Milton Friedman taught us that corporate managers should focus on profitable operations and building shareholder value, while enlightened globalists like World Economic Forum founder Klaus Schwab insist that we should all embrace “environmental, social, and governance” (ESG) theory. The latter demands that, in addition to seeking profitability, CEOs and managers should use their firm to address a long list of issues like climate change and gender equality.
Conventional analysis puts the traditionalists on the right politically and ESG advocates on the left, but a new book by Professor Alex Edmans of London Business School confounds that dichotomy. In Grow the Pie: How Great Companies Deliver Both Purpose and Profit, Edmans argues that “enterprises can create both profit for investors and value for society.” [Emphasis in original]
This takes a moment to unpack, since many of us believe that any company that is profitable and operating in a voluntary economy is, by definition, creating “value for society.” Edmans grants that basic economic understanding, but he means that companies should be creating value beyond their commercial transactions—things like donating medicines to the poor, paying higher than necessary wages, and helping people in the developing world access financial services.
He claims that companies that put this kind of social value creation first, independent of its immediate impact on profits, are more likely to be financially successful in the long term. In this counterintuitive view, only those firms that eschew profit maximization as a primary goal will make it to the top tier of success.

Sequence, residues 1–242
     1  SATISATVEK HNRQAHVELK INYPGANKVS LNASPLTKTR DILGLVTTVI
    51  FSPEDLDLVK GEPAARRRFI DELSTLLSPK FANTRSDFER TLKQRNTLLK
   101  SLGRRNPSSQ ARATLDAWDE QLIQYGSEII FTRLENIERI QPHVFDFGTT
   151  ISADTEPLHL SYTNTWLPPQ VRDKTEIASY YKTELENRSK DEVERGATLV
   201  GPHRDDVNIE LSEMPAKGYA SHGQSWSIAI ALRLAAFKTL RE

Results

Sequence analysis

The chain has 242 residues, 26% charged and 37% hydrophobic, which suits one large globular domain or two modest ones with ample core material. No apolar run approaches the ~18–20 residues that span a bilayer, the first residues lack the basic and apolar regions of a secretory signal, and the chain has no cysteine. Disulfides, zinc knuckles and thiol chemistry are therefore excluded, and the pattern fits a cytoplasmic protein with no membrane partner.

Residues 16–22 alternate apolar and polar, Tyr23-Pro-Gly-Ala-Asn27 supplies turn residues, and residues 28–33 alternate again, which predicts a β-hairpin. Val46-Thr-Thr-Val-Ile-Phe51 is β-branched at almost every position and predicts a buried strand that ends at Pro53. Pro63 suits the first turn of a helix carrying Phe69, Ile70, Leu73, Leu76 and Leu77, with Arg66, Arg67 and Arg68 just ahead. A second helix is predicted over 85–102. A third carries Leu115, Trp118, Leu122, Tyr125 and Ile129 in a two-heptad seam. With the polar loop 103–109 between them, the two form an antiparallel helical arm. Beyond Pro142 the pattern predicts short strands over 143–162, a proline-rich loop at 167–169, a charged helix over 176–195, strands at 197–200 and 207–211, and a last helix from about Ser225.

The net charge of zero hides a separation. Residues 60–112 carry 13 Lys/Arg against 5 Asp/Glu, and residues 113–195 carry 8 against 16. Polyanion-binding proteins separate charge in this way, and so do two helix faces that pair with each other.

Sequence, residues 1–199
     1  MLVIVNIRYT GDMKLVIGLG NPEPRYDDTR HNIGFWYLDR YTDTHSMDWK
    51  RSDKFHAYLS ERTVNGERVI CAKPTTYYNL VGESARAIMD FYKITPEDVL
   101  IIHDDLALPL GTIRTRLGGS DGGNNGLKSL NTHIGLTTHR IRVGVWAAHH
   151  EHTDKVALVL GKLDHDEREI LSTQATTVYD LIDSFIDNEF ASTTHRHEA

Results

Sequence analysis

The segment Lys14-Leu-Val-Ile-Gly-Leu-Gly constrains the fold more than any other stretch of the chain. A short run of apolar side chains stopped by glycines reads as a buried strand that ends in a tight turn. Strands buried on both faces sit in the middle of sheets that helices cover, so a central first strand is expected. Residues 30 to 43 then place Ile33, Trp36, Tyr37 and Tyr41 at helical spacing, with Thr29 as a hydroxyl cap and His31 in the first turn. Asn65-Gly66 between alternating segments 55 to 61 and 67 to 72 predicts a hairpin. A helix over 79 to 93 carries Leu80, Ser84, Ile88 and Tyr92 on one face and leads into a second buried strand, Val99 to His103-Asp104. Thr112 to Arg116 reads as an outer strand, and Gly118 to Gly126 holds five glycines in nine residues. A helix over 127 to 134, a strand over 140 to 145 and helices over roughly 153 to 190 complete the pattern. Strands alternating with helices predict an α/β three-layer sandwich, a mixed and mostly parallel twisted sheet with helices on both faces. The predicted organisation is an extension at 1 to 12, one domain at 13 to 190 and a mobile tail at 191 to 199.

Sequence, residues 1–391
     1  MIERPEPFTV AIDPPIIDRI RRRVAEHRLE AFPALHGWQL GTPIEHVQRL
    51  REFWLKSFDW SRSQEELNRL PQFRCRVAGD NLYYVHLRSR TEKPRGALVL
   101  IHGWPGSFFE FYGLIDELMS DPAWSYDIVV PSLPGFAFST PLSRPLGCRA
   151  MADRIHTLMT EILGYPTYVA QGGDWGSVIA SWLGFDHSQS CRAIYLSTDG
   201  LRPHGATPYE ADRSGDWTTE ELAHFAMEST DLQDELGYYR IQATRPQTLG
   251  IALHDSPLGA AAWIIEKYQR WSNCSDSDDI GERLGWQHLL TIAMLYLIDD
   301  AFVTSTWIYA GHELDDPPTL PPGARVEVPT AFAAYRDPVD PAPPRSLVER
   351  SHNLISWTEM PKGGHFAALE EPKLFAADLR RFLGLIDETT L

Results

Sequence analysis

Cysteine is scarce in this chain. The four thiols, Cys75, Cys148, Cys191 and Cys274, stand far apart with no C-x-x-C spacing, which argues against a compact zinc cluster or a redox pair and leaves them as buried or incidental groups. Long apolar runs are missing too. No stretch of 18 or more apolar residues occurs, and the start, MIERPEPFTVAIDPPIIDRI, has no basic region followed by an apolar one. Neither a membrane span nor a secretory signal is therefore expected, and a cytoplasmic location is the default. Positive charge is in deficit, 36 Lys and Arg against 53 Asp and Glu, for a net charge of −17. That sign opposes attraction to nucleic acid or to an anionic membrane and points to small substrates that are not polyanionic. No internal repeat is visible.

If this counterintuitive theory sounds oddly familiar, it may be because a version of it appears in Bernard Mandeville’s early 18th century treatise The Fable of the Bees. Mandeville argued that the private vices of selfishness and acquisitiveness yield “publick benefits,” in the form of a productive economy. He imagined what society would look like if everyone followed the recommended morality of his age, and concluded that it would lack the industry, science, and other secular institutions we all value. Mandeville’s view was controversial, and critics questioned his seemingly paradoxical premise that habits like gambling, buying luxury goods, and avoiding thrift could, if fact, yield a more prosperous society.
Edmans may be in for a similar treatment from free-market advocates. Unapologetic capitalists in the tradition of Milton Friedman (and Adam Smith, who was influenced by Mandeville) will no doubt be skeptical of his suggestion that “pursing social value is often more profitable in the long run than pursuing profits directly.” But if license could lead to virtue in 1714, perhaps altruism can lead to profits in 2020. Edmans insists that recent peer-reviewed research backs up his ideas.
Read the full article at Law & Liberty.